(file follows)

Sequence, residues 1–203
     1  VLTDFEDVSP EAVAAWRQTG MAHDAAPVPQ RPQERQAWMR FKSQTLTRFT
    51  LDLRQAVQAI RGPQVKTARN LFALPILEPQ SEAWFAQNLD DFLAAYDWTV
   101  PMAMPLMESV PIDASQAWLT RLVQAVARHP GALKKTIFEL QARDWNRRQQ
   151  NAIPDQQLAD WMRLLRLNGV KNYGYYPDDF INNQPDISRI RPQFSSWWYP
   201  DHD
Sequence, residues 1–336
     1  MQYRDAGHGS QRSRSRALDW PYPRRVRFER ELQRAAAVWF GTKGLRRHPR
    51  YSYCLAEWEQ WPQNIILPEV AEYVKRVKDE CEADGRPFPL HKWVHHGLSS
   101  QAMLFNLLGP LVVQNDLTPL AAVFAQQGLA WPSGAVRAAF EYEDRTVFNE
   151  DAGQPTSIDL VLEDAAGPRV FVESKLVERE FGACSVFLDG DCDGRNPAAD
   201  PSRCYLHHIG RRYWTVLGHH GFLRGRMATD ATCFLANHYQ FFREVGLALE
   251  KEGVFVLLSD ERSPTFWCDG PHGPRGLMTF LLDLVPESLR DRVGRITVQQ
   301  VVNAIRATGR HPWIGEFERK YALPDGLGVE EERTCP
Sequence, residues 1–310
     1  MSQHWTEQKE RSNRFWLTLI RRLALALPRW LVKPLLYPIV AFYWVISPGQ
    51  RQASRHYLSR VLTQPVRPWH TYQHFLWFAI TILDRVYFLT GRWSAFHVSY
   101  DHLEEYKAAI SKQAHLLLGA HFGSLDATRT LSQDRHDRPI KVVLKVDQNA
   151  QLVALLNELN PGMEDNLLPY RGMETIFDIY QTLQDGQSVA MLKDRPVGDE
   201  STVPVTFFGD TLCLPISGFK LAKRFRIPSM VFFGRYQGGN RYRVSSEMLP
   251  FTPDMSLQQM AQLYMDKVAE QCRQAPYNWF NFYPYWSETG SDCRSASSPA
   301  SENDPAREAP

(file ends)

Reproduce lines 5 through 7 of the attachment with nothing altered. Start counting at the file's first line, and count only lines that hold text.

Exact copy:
   151  NAIPDQQLAD WMRLLRLNGV KNYGYYPDDF INNQPDISRI RPQFSSWWYP
   201  DHD
Sequence, residues 1–336